Japan’s prime minister said on Tuesday that his nation needs to attend to its own demographic challenges posed by falling birth rates and an aging population before opening its doors to migrants.
Prime Minister Shinzo Abe announced at the UN General Assembly that Japan would provide $1.5 billion in emergency aid for refugees and for stabilization of communities facing upheaval. But speaking to reporters later on Tuesday he quickly killed the idea of Japan opening its doors to foreigners.
He said Japan first needed to attend to domestic challenges which he proposes to tackle under a revamped economic policy that aims to boost GDP to a post-war record level, while bolstering the social security system to support families, Fox News reported.
“I would say that before accepting immigrants or refugees we need to have more activities by women, by elderly people and we must raise (the) birth rate. There are many things that we should do before accepting immigrants,” Abe said.
It appears that Japan would rather focus on its many current problems before introducing fresh ones.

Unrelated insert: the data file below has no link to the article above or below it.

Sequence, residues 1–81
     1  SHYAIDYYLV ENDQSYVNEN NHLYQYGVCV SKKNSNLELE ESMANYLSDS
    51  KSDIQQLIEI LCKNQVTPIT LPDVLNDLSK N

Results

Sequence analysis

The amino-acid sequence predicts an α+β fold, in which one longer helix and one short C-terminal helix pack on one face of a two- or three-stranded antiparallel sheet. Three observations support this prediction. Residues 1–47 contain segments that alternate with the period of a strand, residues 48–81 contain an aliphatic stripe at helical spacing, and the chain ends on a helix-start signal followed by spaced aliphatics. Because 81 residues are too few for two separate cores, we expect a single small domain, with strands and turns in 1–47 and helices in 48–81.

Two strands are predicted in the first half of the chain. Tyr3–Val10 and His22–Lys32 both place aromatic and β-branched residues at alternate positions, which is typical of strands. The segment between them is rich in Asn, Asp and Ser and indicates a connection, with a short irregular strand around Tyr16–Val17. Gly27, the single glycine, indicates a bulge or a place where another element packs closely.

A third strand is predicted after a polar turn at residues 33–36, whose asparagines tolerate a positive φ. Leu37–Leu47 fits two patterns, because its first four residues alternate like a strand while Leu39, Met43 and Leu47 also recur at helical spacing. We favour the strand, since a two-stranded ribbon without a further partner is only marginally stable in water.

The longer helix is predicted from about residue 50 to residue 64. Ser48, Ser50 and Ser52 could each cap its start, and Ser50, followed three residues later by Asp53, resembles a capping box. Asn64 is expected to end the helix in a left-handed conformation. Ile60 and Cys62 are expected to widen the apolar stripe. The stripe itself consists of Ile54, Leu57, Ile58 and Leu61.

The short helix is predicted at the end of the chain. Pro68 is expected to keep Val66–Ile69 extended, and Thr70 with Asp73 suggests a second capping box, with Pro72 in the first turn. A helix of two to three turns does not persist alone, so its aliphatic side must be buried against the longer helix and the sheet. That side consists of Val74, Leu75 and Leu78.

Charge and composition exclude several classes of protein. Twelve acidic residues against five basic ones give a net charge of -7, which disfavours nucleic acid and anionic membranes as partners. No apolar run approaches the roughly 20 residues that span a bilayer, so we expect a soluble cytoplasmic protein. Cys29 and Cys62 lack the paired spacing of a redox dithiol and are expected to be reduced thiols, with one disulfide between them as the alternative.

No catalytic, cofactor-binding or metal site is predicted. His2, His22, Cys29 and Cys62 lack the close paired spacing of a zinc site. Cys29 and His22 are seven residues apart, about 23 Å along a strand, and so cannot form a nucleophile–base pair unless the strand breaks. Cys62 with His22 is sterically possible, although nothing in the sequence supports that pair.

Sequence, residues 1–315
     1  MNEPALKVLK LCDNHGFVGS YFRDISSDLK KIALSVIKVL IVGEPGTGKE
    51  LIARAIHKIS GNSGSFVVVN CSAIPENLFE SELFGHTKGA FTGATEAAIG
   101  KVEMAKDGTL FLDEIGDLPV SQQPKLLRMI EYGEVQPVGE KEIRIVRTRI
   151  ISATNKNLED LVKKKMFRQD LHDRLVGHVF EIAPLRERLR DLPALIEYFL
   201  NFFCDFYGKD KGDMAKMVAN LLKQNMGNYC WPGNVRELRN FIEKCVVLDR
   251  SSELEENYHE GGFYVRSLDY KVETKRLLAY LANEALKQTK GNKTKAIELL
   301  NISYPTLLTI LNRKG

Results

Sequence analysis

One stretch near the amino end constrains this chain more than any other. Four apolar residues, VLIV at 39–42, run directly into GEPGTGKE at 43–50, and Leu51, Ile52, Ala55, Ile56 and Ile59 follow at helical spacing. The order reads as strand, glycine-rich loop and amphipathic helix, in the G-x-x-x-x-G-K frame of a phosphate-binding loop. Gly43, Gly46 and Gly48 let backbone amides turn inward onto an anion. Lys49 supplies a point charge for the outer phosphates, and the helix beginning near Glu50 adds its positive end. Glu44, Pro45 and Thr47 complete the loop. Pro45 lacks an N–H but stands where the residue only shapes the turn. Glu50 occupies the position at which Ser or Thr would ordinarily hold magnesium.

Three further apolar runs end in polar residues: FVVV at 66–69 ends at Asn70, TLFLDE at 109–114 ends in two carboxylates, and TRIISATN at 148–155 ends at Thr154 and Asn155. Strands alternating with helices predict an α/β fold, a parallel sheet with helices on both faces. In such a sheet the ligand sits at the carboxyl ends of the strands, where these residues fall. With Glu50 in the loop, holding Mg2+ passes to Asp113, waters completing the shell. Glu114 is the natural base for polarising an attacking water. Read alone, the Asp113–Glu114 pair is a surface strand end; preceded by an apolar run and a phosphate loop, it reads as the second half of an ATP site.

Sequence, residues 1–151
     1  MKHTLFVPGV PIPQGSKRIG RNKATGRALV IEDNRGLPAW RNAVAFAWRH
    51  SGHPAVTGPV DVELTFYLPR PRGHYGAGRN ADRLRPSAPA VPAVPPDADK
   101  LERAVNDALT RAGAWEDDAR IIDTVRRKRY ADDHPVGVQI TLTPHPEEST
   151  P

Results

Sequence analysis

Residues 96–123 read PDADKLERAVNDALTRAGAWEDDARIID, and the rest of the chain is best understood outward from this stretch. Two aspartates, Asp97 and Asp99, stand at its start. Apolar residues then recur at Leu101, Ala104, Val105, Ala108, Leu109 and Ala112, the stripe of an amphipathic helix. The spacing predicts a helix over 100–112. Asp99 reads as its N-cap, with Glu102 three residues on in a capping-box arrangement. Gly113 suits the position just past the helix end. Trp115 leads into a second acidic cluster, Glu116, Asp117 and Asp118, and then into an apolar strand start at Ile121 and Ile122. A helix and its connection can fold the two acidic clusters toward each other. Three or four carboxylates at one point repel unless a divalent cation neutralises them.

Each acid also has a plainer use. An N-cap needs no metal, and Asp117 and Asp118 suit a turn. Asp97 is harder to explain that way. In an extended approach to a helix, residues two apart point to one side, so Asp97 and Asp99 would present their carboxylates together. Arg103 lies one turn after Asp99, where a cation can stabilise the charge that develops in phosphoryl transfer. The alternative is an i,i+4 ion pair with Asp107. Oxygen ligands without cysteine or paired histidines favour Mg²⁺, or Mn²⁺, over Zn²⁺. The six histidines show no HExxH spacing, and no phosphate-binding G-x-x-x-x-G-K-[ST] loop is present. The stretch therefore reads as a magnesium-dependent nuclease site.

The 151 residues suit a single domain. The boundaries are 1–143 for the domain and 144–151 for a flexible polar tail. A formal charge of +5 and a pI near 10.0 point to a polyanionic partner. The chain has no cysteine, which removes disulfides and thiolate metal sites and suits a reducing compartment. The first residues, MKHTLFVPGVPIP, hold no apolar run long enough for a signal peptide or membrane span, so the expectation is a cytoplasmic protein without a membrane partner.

Japan prides itself on being generous as one of the largest aid donors in the world. Last year Japan gave $181.6 million to the UNHCR, the United Nations’ refugee agency, making it second only to the United States in migrant funding.
But it has offered no resettlement places for asylum seekers from the conflict in Syria. Ministry of Justice data shows that Japan accepted only 11 asylum seekers out of a record 5 000 applications last year, mostly from people from other Asian countries who had already been living in Japan.
The lack of social justice warriors denouncing Abe’s statement in outrage, has been striking, as leftists generally denounce similar statements as “racism” and “Islamophobia”.